Greensburg Daily News, Greensburg, IN

Columns

November 7, 2012

The squirrel whisperer

Greensburg — I know that, due to a previous column, some will think I’m fixated on squirrels.

That’s not true, but the little varmints seem to be dogging my every footstep. With the return of colder weather they’re back at the bird feeders and I’m expecting to start dreaming about 400 pound fox squirrels gnashing their long fangs at me while I try to run with feet that weigh a ton.

Maybe I’m suffering remorse from those times years ago when I occasionally brought one of them home for dinner, not as guests, but as the main course. Now, it seems I can’t get away from them.

Recently, Judy and I decided to take a mini three day vacation, mainly to get me away from being down on all fours at the door to the patio, barking as the miscreants stuffed their jaws with at least a dollar’s worth of bird seed. With no goals in mind we decided to tour southern Indiana with Vincennes as the first stop. Years ago I packed a sleeping bag on a motorcycle and took a tortuous trip along the same route. I wanted to re-visit the spot on the Wabash river where I set up camp and spread my bag on an ant hill. For fun and adventure, try removing a million hungry ants from your clothing and bedding at midnight, in a semi-public place while dancing around shouting “OUCH”, “OOOWWW”.

By now exhausted from riding a cranky antique British motorcycle, I moved downstream a few yards and spread the bag again. Then I heard the sound of a tiny bugle and the tramp of thousands of little feet as the ant battalion formed up and marched my  way, their leader calling cadence, their little jaws snapping in anticipation. Again, I broke the public indecency law, emptied my drawers and the bag, packed up my gear, left at 1 a.m. and rode south to Princeton and a few hours of ant free sleep on a picnic table at their local park.

In Vincennes we visited the George Rogers Clark Memorial, a tribute to Clark who captured the British Fort Sackville with his army of 170 frontiersmen and Frenchmen. Adjacent to the memorial is The Old Cathedral Basilica of St. Francis Xavier, the oldest congregation in Indiana with the first log structure built in 1748 and the foundation of the present structure being laid in 1826. The interior is quite impressive and the basement is the site of the crypts of the four bishops of Vincennes.

I learned that St. Francis is the patron saint of animals and the environment. While in the church I silently prayed that he would strike down all the ant colonies along the Wabash river.

After a visit to The Indiana Military Museum, an impressive collection of military artifacts of wars from the Civil War to the Persian Gulf, we drove south on highway 41 to Princeton, then east on old highway 64 to points unknown. Late in the afternoon and with rain falling we arrived in Huntingburg, a quaint little town with a pristine main street lined with small restaurants and the one thing that draws Judy like a revenoor to a moonshine still. ANTIQUE SHOPS!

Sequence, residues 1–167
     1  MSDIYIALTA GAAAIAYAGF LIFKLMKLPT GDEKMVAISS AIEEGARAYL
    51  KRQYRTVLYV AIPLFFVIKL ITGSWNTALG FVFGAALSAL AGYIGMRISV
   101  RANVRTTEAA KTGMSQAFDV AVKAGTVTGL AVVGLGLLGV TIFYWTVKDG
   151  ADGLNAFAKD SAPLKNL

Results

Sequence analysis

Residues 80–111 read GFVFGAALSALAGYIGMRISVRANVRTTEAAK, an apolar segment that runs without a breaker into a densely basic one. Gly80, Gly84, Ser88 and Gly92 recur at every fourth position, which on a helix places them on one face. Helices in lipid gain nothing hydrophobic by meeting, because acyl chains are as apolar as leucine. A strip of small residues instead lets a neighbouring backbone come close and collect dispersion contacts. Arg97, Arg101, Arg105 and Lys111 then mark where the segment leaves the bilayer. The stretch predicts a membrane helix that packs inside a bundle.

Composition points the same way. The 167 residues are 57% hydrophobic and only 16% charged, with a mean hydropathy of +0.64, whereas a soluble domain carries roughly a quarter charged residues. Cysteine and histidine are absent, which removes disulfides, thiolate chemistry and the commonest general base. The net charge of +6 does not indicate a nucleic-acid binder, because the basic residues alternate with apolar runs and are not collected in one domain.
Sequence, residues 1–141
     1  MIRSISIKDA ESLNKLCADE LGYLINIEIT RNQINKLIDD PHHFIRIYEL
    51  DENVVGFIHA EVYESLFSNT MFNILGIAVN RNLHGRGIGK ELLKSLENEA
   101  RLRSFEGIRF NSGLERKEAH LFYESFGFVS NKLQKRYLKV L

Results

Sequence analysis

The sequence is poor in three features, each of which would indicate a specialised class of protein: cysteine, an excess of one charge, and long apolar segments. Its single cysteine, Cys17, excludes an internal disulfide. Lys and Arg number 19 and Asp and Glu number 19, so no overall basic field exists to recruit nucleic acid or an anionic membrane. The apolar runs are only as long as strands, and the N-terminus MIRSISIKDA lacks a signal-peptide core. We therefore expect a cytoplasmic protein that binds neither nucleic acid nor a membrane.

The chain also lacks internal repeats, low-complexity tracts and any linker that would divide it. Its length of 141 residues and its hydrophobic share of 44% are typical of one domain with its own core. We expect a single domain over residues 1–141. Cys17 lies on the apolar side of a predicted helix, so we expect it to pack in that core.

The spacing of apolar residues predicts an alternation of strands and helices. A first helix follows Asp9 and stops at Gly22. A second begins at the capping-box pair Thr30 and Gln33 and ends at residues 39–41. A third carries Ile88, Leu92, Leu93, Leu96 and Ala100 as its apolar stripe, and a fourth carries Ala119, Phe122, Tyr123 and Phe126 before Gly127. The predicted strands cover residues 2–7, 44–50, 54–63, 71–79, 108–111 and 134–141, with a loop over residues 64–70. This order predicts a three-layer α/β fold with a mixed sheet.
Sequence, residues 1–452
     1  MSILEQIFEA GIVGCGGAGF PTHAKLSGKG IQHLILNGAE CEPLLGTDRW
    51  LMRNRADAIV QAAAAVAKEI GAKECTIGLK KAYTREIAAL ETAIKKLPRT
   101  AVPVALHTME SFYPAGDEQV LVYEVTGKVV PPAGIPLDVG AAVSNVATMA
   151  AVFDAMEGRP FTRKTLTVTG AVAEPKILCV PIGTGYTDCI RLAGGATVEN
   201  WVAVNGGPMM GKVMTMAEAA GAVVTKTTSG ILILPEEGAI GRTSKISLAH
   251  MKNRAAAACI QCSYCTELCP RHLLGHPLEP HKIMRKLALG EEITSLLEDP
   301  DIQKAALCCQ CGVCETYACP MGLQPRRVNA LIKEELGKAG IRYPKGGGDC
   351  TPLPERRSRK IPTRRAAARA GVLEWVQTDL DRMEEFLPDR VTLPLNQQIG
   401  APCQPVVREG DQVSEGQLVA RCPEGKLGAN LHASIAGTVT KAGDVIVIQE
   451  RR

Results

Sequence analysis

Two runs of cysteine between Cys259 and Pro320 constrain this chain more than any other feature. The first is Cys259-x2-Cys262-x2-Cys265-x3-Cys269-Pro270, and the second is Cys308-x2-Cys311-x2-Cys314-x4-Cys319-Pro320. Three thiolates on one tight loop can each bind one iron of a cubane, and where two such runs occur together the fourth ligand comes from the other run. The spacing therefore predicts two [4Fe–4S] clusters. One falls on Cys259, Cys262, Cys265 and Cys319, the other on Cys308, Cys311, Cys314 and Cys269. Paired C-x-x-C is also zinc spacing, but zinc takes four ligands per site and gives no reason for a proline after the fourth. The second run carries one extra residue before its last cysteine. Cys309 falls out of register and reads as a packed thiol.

With no local accommodations, we drove four miles south to Jasper, spent the night and returned to Huntingburg the next morning. Roaming aimlessly through the first store I finished my shopping quickly (who wants to spend money on old things that someone threw away years ago?). Standing at the front widow I watched a young lady run across main street, burst through the door and say, “There’s a squirrel in the antique shop across the street. We can’t catch it Can someone call the town hall and ask if they could send help?”

Town Hall? Suddenly antiquing might not be so dull after all. Five minutes later a patrol car arrived, its lights flashing as a young officer got out and went into the shop. I’ve got to see this, I thought. In a small alcove room in the back containing old furniture, three people and the officer were shoving furniture around while one gentleman held a blanket over the doorway, hopefully to snare the little miscreant when it made a dash for it. One lady squealed and ‘Ol Rocky came shooting under the blanket and headed toward me as I stood in the aisle. I thought about stepping on its tail as it shot by but quickly figured that I couldn’t spare the foot I would probably lose to a frantic fox squirrel. It dashed to the front of the store where it was scrabbling at a front window just as Judy, attracted by the flashing lights and commotion, stepped through the door.

“Oh, the poor thing is going to hurt itself” she cried. “Somebody please catch it.”

The lady who ran the store finally managed to snare it under a blanket where it fought to escape. She pleaded with the police officer to grab it but he informed her that he wasn’t about to tackle a honked off squirrel. It squirmed from under the blanket and shot to the back of the store again where it stood in the aisle eyeing its tormentors. Judy, wringing her hands, opened the door and began cooing, “Come on honey, come on. Come through the door.” I couldn’t believe it. The little critter loped up the aisle past Judy and casually ran out into the street where I expected to hear the screech of tires and. a thump, but “Ol Rocky made a clean getaway. Judy will forever be known as The Squirrel Whisperer in Huntingburg.

After the excitement we dined in a quaint little restaurant where we ordered pan fried chicken (it looked like squirrel), mashed potatoes, green beans and pumpkin pie for dessert. I expected Judy to try to resurrect the chicken and I wouldn’t have been surprised if it worked. I haven’t changed my opinion about bird seed stealing tree rodents, but I now regard Judy with a new respect. Maybe she can talk them into spending more time at the neighbors feeders.

 

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